Writing a book can be many things, not all of them pleasant, but one of the pleasantest tasks must be the writing of a preface thanking those who have helped bring the book to fruition. This book evolved from a dissertation completed in 1979 under Arno J. Mayer in the Department of History at Princeton University. I would like to begin by thanking him for challenging me to develop the material in the dissertation into a real case study of science in German modernization. That was the idea with which I began the research for the dissertation, but it was really not until after rethinking the completed dissertation that I convinced myself that this model of modernization actually makes sense. I hope that the following arguments will convince my readers as well. Others whose suggestions or critiques have substantially contributed to this book in various ways include the other members of my dissertation committee, Charles C. Gillispie, John Servos, David Abraham, and Arnold Thackray; Mark Adams; Bernhard vom Brocke; Lothar Burchardt; David Cahan; Elisabeth Crawford; Gerald Feldman; John Heilbron; Konrad Jarausch; Robert Kohler; Peter Lundgreen; Charles McClelland; Larry Owens; Manfred Rasch; R. Steven Turner; and Jürgen Wilhelm. I am, of course, solely responsible for whatever errors remain.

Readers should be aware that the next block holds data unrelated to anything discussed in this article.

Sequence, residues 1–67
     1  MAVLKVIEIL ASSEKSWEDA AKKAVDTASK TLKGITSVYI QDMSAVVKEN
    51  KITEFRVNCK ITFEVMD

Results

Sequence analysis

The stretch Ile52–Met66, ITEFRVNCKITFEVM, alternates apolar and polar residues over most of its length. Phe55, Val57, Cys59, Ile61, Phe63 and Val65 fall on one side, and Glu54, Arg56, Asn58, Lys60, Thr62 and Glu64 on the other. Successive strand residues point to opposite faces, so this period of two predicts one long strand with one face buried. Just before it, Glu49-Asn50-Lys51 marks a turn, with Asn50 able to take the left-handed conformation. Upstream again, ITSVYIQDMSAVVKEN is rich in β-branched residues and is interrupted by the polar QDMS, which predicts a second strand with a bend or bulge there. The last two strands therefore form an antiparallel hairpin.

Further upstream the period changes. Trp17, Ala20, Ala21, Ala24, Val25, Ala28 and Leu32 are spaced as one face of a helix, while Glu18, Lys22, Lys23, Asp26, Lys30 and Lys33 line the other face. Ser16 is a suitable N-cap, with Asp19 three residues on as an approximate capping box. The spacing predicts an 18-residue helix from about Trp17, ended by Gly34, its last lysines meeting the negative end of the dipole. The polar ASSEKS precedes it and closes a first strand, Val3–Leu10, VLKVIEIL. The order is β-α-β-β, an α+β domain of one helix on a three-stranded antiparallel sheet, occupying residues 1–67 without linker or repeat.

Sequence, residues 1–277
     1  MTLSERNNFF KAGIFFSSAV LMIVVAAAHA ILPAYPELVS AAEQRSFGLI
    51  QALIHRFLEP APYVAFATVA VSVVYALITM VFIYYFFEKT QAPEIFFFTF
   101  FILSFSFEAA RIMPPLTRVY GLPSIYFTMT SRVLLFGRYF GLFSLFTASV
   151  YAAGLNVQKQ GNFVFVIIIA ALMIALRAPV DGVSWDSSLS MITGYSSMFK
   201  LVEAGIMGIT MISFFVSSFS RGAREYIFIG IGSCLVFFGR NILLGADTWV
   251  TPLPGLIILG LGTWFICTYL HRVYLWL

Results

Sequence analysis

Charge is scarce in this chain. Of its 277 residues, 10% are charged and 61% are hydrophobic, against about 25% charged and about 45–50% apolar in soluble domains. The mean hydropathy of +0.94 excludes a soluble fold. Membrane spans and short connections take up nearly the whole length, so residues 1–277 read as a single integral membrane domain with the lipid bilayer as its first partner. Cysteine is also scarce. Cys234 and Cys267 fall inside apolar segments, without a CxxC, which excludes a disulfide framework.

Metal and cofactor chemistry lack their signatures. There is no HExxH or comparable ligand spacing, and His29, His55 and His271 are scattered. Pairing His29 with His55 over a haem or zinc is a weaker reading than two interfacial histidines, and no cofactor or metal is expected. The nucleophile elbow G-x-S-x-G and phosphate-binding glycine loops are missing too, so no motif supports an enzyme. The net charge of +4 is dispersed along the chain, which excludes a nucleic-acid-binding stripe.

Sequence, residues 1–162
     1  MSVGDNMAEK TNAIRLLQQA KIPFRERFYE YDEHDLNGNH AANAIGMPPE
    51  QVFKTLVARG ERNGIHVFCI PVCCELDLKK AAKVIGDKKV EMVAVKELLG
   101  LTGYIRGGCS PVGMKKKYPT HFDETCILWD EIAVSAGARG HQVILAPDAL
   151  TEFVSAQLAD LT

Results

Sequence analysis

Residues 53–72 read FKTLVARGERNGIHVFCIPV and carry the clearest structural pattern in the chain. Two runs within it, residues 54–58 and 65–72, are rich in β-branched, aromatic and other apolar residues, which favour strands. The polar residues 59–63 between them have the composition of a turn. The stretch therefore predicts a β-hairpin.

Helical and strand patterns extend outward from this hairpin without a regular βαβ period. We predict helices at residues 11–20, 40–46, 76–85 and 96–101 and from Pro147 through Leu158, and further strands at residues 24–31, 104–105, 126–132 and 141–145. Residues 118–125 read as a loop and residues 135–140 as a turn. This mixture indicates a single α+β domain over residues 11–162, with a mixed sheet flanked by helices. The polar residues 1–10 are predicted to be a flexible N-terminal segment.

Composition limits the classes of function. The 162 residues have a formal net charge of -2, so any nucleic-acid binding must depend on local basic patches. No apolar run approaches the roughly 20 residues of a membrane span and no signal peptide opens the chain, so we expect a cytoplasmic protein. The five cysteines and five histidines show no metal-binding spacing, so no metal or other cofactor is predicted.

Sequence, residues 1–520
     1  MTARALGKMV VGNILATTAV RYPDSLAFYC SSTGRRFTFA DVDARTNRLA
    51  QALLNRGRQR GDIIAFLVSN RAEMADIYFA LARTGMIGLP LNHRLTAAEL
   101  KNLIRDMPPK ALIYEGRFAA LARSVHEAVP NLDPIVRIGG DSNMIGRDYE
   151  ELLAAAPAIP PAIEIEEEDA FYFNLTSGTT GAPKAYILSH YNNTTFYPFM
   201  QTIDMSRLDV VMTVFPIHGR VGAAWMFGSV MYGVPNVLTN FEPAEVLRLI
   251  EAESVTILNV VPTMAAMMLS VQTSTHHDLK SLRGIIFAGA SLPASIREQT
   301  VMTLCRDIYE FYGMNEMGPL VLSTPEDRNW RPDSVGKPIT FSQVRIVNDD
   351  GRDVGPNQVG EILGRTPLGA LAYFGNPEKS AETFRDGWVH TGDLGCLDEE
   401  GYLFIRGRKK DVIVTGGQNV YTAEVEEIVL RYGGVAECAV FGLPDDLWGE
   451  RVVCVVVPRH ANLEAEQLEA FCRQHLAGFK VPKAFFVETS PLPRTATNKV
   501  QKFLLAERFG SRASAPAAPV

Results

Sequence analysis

I received support to complete the research for this book from the German Academic Exchange Service, the Research Foundation of the State University of New York, and the International Research and Exchanges Board (IREX) in cooperation with the government of the German Democratic Republic and with funds provided by the National Endowment for the Humanities and the United States Information Agency. None of these organizations is responsible for the views expressed here. I am grateful to the staffs of the many libraries and archives listed in my bibliography, as well as the following not listed, for their generous assistance in providing me access to sources and furnishing me with copies of documents or illustrative materials: Bayerische Staatsbibliothek, Chemische Gesellschaft